Help File: Some hardware and software are easy to break from; others will try to trap you
The Fourth of July should not be a day to stay indoors and fuss with computers, gadgets or any of the other things discussed here every week.
But sometime after the barbecues and the fireworks of Independence Day, it's worth spending a few moments thinking about your dependence on the software and services that you rely on every day.
Can you fire any of these products if they don't measure up? How much suffering would taking your business elsewhere entail?
The answers vary depending on where you look and how much you'll like them.
Let's begin with the good news.
Pictures are the easiest case, as cameras, photo-editing programs and other picture-capable hardware and software share a common, open format, JPEG (short for "Joint Photographic Experts Group"). You can take a photo with a Nikon camera, open it in a Microsoft program running on a Sony computer, move it into Apple's iPhoto, save it to a USB flash drive and use that to view the shot on a Samsung TV without losing any of the image.
At worst, you'll have to re-create what computing professionals call "metadata" -- the data about your pictures, such as captions and their placement in photo albums.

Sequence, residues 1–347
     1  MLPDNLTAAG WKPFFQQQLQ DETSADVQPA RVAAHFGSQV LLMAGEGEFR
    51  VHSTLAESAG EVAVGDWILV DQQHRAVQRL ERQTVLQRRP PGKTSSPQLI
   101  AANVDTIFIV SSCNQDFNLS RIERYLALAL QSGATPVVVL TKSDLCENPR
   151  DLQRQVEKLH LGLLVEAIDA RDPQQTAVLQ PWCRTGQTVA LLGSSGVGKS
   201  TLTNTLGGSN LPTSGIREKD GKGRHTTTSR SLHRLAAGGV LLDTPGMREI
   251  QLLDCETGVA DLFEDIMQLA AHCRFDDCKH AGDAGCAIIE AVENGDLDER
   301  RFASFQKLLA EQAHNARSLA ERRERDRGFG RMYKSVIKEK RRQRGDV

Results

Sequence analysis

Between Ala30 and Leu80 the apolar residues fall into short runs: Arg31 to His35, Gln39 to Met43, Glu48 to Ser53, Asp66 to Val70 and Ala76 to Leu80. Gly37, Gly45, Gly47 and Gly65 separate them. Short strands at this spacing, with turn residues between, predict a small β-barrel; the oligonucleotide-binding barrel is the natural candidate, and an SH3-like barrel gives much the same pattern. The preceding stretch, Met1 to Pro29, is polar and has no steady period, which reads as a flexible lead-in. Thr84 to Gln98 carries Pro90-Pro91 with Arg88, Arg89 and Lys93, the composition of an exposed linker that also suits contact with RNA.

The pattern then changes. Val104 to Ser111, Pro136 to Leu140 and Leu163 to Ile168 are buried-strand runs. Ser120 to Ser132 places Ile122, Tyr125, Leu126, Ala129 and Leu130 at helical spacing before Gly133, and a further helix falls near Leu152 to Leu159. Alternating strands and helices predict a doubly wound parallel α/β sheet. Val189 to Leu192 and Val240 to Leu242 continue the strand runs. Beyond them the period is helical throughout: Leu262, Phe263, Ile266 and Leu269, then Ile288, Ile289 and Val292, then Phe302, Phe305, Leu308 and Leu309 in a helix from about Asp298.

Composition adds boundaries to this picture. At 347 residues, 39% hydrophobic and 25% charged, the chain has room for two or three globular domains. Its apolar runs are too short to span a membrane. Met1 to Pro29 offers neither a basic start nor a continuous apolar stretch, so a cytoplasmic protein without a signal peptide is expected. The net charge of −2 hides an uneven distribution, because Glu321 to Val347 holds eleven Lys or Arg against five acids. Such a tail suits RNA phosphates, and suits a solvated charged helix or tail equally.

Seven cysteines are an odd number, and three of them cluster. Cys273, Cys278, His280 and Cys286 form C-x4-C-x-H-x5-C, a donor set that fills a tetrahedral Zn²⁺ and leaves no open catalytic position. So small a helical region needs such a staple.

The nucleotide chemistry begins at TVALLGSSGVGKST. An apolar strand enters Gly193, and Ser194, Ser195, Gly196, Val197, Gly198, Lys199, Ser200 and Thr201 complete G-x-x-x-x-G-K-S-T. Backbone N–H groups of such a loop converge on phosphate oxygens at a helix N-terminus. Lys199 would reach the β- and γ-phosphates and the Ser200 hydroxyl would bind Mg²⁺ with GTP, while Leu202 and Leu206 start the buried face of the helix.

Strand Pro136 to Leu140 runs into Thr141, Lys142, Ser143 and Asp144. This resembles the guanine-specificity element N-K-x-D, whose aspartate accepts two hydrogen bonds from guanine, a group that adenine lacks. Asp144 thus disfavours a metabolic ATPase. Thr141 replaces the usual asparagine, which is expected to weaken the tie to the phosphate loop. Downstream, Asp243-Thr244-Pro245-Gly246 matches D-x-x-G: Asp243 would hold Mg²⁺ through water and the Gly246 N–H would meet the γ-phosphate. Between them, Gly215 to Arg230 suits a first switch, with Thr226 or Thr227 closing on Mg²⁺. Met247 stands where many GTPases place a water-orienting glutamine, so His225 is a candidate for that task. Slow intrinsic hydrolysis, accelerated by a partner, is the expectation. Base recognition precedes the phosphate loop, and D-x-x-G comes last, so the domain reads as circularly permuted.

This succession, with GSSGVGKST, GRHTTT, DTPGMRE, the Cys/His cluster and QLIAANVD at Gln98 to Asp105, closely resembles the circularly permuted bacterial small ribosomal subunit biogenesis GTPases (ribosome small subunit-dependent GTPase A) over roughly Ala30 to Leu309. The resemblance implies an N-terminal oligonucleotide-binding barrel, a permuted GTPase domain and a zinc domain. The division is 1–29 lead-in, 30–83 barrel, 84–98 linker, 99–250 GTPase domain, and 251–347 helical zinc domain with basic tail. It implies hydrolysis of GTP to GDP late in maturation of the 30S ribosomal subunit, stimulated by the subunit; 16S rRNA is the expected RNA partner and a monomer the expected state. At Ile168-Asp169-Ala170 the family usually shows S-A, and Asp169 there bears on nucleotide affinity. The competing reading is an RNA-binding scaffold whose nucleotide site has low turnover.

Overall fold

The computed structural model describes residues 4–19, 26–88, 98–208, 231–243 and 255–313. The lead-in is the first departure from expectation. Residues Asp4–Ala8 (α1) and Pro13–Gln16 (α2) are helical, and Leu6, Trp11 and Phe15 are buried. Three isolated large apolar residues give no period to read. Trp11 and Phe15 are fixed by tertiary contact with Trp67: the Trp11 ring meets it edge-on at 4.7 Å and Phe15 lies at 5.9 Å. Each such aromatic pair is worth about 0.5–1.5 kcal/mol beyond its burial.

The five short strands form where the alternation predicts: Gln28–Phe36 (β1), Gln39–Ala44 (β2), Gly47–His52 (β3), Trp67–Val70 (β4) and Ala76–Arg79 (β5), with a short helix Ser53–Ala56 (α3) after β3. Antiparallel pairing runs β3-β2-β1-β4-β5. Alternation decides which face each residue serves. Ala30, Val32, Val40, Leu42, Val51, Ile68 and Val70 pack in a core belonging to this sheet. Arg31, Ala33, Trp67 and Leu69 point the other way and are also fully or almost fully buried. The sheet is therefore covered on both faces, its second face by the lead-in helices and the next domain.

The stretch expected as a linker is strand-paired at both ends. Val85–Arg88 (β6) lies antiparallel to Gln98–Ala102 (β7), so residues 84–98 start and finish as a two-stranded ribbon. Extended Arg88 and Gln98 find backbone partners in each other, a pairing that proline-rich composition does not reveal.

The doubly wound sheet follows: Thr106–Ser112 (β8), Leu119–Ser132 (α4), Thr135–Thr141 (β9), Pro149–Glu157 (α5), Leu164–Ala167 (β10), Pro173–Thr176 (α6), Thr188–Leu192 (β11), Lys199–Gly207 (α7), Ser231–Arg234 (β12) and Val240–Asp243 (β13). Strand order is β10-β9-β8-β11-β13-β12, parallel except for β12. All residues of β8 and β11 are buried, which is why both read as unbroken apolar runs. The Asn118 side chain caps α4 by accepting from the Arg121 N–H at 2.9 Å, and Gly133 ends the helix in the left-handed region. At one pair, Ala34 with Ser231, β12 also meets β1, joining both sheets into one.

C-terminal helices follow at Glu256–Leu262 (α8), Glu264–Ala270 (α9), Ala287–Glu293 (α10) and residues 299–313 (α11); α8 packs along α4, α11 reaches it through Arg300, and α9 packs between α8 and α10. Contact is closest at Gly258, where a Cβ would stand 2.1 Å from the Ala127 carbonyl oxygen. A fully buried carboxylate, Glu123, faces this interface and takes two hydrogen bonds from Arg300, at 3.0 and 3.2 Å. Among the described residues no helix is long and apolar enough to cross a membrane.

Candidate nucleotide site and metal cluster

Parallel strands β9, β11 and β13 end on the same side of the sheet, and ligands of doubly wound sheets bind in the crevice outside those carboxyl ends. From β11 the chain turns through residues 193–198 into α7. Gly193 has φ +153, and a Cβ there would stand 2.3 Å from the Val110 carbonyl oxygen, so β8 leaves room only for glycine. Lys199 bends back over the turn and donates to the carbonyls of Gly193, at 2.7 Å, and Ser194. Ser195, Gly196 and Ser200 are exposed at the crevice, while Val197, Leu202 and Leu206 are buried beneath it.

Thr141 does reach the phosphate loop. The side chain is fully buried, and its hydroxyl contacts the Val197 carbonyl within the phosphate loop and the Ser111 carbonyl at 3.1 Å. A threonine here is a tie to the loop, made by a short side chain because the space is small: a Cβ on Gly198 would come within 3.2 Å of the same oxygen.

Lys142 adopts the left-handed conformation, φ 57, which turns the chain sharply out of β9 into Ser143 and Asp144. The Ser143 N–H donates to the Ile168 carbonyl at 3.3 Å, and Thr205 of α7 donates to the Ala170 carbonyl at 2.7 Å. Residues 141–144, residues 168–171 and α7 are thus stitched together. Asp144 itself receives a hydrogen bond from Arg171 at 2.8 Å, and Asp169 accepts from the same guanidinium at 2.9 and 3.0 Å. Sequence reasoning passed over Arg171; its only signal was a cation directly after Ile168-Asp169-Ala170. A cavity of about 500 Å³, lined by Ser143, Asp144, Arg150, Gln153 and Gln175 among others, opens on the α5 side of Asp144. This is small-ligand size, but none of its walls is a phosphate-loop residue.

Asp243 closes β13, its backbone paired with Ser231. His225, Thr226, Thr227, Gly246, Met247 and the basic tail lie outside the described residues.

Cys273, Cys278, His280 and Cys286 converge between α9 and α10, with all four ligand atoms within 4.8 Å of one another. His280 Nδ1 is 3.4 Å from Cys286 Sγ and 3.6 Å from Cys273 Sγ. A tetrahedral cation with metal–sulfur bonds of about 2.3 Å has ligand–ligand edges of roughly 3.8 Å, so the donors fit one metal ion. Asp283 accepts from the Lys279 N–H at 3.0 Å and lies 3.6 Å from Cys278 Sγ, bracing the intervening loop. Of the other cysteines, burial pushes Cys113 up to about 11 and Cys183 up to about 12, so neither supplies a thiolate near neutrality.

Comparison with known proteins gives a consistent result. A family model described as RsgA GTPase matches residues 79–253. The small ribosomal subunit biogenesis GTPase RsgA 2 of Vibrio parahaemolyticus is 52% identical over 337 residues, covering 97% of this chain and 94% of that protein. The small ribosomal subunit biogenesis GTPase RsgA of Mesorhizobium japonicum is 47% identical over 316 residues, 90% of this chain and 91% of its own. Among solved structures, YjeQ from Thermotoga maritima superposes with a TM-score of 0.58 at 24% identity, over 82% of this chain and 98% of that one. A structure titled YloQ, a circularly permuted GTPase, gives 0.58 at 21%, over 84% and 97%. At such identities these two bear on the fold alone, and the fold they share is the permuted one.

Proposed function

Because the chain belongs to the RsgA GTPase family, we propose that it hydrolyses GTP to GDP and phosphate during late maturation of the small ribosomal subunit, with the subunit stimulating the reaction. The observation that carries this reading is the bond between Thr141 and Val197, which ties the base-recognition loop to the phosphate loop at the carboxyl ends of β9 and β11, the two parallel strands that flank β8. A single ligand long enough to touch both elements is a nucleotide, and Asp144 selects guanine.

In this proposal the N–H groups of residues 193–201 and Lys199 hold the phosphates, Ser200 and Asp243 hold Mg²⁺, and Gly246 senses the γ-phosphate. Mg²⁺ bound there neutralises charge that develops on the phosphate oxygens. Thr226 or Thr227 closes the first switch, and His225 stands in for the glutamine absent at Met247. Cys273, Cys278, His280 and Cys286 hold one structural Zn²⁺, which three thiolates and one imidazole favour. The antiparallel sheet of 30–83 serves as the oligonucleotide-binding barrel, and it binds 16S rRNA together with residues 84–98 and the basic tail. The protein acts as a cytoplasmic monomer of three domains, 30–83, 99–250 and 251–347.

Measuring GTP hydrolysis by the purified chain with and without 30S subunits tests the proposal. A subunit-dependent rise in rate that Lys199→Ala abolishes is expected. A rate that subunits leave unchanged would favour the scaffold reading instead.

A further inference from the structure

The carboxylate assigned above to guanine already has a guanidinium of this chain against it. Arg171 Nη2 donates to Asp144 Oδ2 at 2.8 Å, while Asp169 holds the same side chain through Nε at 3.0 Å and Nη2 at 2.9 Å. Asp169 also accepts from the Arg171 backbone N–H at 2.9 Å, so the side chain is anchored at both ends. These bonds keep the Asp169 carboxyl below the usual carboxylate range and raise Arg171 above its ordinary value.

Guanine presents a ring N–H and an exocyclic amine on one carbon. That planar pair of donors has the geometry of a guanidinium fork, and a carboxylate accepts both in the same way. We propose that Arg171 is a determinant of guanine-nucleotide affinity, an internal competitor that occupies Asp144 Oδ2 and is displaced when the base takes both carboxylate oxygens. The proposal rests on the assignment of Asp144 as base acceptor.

If you write word-processing documents, crunch numbers in spreadsheets or put together slideshow presentations, you also have more freedom than ever. Although one company's formats -- those Microsoft created for its Office suite -- dominate the field, they have become a shared standard after years of work by other developers and more recent moves by Microsoft to document them.
You might not see every wrinkle of a complex Word, Excel or PowerPoint file if you open it in competing (and often cheaper) applications such as Google Docs, OpenOffice, Corel's WordPerfect Office or Apple's iWork, but you will see the substance of your work.
You shouldn't have to feel tied down to an e-mail service or program, either, but not all offer the same liberty to leave.
If you use your Internet provider's e-mail, for example, you can employ any standard mail program -- I suggest the free, open-source Mozilla Thunderbird on a PC, Apple's Mail on a Mac -- to download and keep your messages and contacts list. (Microsoft's Outlook, an expensive but widely used option, has historically been a bit of a data trap, but Microsoft is finally opening up that program's file format too.)
But if you change providers, you'll have to remind your correspondents of the new address.